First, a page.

It’s ok to say “yes, this is the place that I grew up, but it is not my home.” I love that Miranda Lambert song called “The House that Built Me.” I dread the day my parents sell my childhood home, it literally is the house that built me! But for some people they rather not revere the places that shaped them as people and that’s completely okay no matter what their reason. Their feelings are valid. Acknowledge the places that shaped you as a person, but don’t feel pressure to revere them.

Talk to Your Counselor

I hate going to the Internet for help so I always say talk to your counselor. Be honest about the things that have formed you as person. We all have a history. Talk with your counselor about the places and people that make up your earliest memories. A licensed professional will be able to create a personalized strategy that allows you to reconcile with your formative years and find a way to move on or feel better about the place you came from.

 

 

Photo by Monica Bourgeau on Unsplash

What’s the Difference Between Anxiety Attacks and Panic Attacks?

anxiety vs panic

This blog is a long time coming! I’ve used the terms “anxiety attack” and “panic attack” interchangeably for way too long and I imagine I’m not the only one!  They’re actually very different from one another and I thought it was time to shed some light on both of these very unique experiences so we can all be aware of what we’re actually saying.

I’ve definitely experienced anxiety attacks before but I was surprised to learn that I’ve likely never experience a panic attack. After doing a little research, I’ve learned about the differences and how to know what I’m actually experiencing. You can check my sources here and here.

Anxiety Attack Vs. Panic Attack

anxiety vs panic attack

I found the emotional differences absolutely fascinating! A lot of the physical symptoms like shortness of breath and dizziness made total sense. But the differences were significant when it came to the emotional experiences of both kinds of attacks. People that have panic attacks sometimes feel a detachment from their body, which kind of reminds me of what some people have reported when they have “died” and then came back to life.

This by no means is an extensive list of every single symptom you can experience, but this is a good comprehensive list of more common symptoms. Personally, when I have anxiety attacks, I get the desire to get up and run away. And keep running. I often cry and my mind races with thoughts I can’t control. I’ve had anxiety attacks while running on the treadmill, which has been incredibly interesting because for about 30 seconds I’ll be able to run at a much higher speed than I normally can. It’s insane what our minds and bodies can do!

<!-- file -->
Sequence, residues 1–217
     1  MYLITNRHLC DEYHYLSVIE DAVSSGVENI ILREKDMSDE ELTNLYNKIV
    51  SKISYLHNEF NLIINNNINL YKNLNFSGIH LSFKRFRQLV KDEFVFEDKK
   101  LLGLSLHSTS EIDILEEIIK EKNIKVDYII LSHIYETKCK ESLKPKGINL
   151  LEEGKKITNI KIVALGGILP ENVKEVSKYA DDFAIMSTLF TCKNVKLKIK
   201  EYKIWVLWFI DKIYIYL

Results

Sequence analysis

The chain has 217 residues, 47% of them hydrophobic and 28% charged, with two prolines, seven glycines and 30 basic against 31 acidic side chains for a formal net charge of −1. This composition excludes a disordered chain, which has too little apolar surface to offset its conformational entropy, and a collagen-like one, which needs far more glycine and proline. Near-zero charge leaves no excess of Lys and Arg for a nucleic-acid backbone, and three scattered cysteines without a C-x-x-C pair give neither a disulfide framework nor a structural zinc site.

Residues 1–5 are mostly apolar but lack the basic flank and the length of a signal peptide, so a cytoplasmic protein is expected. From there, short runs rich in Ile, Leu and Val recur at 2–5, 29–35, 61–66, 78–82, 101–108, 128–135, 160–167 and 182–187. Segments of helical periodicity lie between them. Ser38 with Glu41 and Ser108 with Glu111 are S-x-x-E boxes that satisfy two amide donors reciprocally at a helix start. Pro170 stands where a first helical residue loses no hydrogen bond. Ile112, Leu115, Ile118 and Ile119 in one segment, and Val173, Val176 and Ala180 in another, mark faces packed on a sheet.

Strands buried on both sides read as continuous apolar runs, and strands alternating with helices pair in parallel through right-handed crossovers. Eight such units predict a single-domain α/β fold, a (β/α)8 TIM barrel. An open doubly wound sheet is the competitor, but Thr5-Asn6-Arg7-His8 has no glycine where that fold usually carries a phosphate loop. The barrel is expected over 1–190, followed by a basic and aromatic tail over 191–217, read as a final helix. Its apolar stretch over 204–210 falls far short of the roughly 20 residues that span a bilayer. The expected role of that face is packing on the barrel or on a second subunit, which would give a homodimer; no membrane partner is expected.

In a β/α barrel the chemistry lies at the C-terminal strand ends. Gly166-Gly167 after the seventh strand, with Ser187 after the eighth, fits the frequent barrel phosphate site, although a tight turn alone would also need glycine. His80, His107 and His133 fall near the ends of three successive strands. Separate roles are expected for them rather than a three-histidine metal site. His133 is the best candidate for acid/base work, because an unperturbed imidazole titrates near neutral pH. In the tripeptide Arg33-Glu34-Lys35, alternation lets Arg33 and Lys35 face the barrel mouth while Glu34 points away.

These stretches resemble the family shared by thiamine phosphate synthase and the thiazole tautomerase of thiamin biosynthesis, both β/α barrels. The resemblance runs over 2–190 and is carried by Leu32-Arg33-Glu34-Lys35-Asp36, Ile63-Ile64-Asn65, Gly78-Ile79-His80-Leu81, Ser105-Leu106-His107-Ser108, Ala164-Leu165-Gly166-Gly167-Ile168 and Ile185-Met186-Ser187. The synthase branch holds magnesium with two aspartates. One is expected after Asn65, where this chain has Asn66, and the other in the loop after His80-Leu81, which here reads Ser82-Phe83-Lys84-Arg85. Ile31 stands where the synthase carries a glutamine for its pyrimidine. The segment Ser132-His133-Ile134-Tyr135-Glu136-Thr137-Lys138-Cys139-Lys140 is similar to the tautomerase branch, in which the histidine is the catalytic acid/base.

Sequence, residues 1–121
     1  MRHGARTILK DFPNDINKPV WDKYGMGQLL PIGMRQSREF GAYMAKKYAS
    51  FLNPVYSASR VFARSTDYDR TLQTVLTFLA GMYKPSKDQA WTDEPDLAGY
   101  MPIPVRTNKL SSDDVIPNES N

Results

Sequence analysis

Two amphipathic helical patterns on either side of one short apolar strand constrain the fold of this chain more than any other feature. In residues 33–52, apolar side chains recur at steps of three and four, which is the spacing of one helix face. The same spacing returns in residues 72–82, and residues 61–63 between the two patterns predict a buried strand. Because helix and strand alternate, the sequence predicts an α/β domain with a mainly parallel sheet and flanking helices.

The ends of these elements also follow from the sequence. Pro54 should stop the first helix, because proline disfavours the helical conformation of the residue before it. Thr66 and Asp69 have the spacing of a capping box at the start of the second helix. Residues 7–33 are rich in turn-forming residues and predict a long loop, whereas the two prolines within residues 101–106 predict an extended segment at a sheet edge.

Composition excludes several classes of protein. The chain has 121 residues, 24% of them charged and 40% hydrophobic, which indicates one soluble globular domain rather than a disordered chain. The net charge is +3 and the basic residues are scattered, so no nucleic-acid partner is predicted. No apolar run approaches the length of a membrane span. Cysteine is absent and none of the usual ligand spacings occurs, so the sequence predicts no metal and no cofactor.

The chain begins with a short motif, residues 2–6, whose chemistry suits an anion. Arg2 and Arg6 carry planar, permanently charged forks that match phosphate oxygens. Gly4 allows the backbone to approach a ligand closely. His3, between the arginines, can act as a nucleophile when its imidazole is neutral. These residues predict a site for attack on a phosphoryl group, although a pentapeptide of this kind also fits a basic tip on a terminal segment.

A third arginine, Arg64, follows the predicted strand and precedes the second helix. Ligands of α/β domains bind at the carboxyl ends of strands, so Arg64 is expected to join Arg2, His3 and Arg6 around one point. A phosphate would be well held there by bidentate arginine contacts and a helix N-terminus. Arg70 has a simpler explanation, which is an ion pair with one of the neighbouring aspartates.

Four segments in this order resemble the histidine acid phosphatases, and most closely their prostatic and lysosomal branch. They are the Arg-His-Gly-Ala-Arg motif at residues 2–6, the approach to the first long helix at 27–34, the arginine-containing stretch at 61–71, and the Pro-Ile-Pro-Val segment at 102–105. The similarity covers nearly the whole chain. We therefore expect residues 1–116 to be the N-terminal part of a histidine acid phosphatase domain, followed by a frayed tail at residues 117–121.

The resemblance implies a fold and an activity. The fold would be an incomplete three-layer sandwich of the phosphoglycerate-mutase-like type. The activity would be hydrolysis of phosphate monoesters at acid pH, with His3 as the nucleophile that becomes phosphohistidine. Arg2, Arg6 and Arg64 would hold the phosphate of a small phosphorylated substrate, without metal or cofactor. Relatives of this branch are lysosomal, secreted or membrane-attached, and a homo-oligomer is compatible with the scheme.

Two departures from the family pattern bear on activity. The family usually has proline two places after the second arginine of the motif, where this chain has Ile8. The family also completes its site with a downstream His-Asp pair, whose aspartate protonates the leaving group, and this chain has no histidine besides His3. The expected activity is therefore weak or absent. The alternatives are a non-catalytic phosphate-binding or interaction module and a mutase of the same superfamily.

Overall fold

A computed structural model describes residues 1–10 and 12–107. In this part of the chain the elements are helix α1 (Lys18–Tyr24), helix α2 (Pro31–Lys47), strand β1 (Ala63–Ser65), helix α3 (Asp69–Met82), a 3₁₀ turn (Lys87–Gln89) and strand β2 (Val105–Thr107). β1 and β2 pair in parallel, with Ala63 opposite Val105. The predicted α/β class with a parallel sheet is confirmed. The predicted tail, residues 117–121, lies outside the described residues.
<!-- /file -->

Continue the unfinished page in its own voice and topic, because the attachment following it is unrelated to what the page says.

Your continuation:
What Causes a Panic Attack or Anxiety Attack?

Panic attacks that are expected often have identifiable causes, whereas unexpected attacks have no apparent causes. They just sort of happen.

Anxiety attacks often have identifiable causes as well. Causes for each of these attacks are usually:

  • Work or social stress
  • Driving (I experience this stress in Dallas every day!)
  • Caffeine
  • Withdrawal from alcohol or drugs
  • Experiencing trauma or witnessing trauma
  • Chronic health conditions
  • Anxious personality
  • Other mental health disorders
  • Various phobias
  • Medication

How Can We Cope?

I’m not sure if there’s any one way to cope with an attack. I think therapy can be a big help (it has been for me!) I’ve also found that accepting what is happening makes a huge difference. Fighting off an attack is exhausting! Deep breathing is also a big help as well as meditation. Journaling how you feel on a day-to-day basis may also help you stay in touch with how you feel and allow you to recognize thoughts that might be triggering to your attacks.

Bottom line: everyone is different with what they experience and how they cope. It may take some time to find the right combination of coping mechanisms. But know this: you are not alone in what you experience and your feelings are VALID.